PowerBI Dashboard Overview

Estimated read time – 5 min

We continue the series of materials on BI-systems and today we will have a look at the dashboard prepared in PowerBI using the SuperStore Sales dataset. We will cover how to connect the data to the system, set custom colors for visualizations and create new measures, implement switching between charts using bookmarks and we will discuss the challenges that we faced when building the dashboard.

This is the how the final dashboard looks like:

The most notable feature of the dashboard is data cards that show the company’s KPI. The cards compare the parameters to the same period in the previous year and show the previous year’s dynamics in the background.

Below we can see the chart that shows top-performing provinces. The bluer the rectangle the more profitable the province, the more orange the rectangle the more losses the province sustains. The size of the rectangle corresponds to the quantity of sales. We can click on rectangles to see more detailed information about profits and sales dynamics in the region on the graph on the left and their KPI at the top. On the graph, there are green and blue points that indicate the month of the current year and the previous year respectively. Hovering over these points, you can see a trend line.

The next part of the dashboard shows product and customer analysis. This part allows us to answer questions such as “which products were the most profitable or unprofitable” or “which customers contributed to most of the profits or most of the losses”.

Data collection

To connect the data we used an Excel file. PowerBI offers a number of sources to connect your data from such as Excel, csv, json files and various databases.

Configuring reports and visualizations

When building a dashboard in PowerBI we wanted to copy the color themes from Tableau. To do this, we have created a JSON file with the list of colors that we want to use. You can see the content of our file below. Then in the views tab, we clicked on the “browse for themes” button and uploaded our colors.

{
	"name":"Orange-Blue Diverging",
	"dataColors": [
		
		"#1c5998",
		"#1c73b1",
		"#3a87b7",
		"#67add4",
		"#7bc8e2",
		"#cacaca",
		"#fdab67",
		"#fd8938",
		"#f06511",
		"#d74401",
		"#a33202",
		"#7b3014",
		"#F07C28",
		"#2B5C8A",
		"#94C6E1",
		"#87d180",
	]
}

Then we have created a separate table called Calendar and populated it with all order dates. After that, we created a column with just a month and a year to create a filter based on it.

Creating necessary measures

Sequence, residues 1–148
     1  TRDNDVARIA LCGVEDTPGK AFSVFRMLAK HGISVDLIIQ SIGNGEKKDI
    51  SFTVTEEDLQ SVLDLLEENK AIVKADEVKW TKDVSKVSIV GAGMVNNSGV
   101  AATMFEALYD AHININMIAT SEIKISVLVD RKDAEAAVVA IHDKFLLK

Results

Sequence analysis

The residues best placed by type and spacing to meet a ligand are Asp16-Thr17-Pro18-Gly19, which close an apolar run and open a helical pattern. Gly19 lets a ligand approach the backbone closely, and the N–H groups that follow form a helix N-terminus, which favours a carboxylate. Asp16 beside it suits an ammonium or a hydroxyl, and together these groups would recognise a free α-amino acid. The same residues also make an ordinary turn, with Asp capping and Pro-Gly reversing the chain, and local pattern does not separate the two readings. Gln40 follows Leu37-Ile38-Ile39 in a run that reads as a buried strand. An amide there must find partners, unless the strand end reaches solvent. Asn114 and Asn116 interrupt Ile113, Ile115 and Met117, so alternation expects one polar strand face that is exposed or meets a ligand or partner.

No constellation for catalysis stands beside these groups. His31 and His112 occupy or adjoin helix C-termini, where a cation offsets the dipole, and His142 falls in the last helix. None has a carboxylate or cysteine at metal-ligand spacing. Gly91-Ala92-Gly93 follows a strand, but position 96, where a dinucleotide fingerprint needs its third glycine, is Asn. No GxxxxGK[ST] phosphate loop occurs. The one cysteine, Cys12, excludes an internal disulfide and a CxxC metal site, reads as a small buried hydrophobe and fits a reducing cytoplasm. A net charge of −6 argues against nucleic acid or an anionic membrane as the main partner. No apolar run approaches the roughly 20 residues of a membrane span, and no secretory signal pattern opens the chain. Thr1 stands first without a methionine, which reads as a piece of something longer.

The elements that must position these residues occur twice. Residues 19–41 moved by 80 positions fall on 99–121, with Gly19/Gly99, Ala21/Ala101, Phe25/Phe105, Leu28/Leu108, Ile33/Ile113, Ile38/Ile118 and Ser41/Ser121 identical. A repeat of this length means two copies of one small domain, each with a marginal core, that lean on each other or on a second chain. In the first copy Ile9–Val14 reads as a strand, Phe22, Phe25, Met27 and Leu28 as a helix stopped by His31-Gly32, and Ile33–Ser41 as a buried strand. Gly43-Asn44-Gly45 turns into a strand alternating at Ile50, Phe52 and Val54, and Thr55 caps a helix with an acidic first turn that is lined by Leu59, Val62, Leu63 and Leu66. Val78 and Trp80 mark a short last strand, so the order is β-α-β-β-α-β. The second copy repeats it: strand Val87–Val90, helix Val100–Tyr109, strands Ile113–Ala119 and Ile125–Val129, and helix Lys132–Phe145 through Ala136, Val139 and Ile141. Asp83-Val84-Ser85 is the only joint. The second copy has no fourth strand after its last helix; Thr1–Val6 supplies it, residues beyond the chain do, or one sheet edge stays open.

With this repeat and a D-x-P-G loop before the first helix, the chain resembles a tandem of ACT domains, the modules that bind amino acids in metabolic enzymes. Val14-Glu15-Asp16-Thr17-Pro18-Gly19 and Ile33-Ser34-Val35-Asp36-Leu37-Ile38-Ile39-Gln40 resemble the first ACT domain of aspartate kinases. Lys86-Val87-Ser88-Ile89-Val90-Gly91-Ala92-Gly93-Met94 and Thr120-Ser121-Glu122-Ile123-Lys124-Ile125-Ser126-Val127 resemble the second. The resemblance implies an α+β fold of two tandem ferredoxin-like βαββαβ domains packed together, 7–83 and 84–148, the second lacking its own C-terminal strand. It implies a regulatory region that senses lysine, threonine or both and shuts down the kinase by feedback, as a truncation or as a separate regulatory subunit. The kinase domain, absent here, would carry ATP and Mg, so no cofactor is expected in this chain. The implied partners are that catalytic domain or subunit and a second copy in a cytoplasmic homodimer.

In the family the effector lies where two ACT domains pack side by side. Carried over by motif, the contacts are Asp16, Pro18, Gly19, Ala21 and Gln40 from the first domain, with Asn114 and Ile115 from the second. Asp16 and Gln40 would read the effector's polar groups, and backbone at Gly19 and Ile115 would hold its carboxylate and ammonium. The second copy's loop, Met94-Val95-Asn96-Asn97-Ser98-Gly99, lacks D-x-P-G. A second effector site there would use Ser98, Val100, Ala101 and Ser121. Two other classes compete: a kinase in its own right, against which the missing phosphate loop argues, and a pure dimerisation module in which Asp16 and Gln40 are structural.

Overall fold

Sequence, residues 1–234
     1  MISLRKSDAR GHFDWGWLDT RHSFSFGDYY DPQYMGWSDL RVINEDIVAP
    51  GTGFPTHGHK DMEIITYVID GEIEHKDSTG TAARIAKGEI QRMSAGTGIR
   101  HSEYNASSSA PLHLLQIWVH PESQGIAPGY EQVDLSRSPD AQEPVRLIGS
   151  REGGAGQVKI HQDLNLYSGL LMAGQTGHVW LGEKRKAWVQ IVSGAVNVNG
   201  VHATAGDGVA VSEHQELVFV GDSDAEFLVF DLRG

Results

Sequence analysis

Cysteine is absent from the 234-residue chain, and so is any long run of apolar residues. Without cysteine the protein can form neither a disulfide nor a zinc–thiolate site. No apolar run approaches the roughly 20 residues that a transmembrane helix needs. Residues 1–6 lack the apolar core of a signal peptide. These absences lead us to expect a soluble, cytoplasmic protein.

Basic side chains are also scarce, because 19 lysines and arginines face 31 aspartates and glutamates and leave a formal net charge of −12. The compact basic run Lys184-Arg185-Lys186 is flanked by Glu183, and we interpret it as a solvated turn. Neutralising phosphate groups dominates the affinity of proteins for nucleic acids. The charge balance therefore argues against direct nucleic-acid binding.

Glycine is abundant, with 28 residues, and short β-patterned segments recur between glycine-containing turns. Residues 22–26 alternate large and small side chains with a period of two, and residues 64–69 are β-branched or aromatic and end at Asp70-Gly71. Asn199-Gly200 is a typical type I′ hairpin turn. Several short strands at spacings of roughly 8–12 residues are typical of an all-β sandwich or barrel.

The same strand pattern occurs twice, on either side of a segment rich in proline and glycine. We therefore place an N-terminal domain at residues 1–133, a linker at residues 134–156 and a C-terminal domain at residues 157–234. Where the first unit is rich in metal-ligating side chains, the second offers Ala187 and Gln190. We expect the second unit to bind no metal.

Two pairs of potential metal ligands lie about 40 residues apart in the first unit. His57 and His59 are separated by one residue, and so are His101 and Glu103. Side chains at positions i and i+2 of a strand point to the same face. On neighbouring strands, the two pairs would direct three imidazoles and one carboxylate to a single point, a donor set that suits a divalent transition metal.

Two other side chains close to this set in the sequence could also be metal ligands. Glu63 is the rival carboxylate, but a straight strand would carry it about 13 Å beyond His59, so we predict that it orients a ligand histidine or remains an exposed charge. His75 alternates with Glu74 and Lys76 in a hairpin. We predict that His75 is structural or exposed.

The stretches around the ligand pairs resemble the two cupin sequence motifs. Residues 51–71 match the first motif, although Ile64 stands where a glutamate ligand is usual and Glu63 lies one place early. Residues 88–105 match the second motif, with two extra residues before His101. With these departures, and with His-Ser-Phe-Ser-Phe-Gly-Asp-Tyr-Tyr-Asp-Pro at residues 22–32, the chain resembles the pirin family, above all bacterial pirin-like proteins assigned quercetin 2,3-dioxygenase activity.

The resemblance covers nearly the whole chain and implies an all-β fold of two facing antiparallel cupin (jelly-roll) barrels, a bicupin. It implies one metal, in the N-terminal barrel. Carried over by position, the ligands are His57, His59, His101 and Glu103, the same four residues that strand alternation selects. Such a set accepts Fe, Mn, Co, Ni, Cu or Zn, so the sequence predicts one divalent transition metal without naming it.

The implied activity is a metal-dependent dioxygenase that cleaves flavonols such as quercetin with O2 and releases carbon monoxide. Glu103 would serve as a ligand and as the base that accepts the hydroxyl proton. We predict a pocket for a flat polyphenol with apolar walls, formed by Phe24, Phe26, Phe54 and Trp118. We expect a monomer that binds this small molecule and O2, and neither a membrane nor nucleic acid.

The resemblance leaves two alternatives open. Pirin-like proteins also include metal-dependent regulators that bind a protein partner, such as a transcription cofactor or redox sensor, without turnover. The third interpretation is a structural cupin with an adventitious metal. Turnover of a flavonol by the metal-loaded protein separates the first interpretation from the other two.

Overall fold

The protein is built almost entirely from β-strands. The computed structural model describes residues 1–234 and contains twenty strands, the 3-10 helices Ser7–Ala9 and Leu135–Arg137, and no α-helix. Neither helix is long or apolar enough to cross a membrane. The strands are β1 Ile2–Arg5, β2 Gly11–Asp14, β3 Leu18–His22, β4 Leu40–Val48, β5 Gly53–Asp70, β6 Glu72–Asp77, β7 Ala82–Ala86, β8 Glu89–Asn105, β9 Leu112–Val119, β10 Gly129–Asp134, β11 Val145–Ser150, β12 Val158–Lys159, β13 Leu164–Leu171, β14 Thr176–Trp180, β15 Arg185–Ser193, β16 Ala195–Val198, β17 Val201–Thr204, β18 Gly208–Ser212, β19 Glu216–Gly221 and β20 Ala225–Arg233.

When creating a dashboard with PowerBI we often need to create new measures. For the data cards, we created such measures as Total Profit, Total Sales, Total Orders, Total Clients and so on. The arrows that you can see in the data cards are also customized and a measure was created for each of them. To apply the color to arrows we formatted the color by rules and indicated red if the value is less than 0, green if the color is more than 0.

Adding bookmarks to switch between charts

To switch between charts, we added bookmarks for sales and profits. For the sales chart, the profits bookmark is hidden and vice versa. The button was downloaded from the internet and added to the respective bookmarks.

Interesting features and challenges we faced when building the dashboard

We have created custom data cards for KPI which are different from the default ones offered by PowerBI. The original features of cards include the background trend, the name and value while the arrows and changes are a custom feature. Another interesting feature that we used is cross filtration which allowed us to apply the filter to both the profits/sales chart and KPI cards.

One of the challenges that we have faced was the inability to build a bar chart with 2 categories. This feature was not implemented in PowerBI at the moment of writing this overview (maybe it is implemented now), so we had to create a table and add bar charts into it. Similarly, we inserted bar charts into the Top Customers table.

Conclusion

Our team has evaluated the dashboard and has given the following scores from 1-10 scale (10 being the highest) to this dashboard:

  1. Meets the tasks – 9.8
  2. Learning curve  – 3.0
  3. Tool functionality – 9.5
  4. Ease of use – 7.5
  5. Compliance with the layout – 9.5
  6. Visual evaluation – 8.8

Overall: 8.0 out of 10. Have a look at the final dashboard here.

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 19   1 mon   analysis   BI   BI-tools   powerbi
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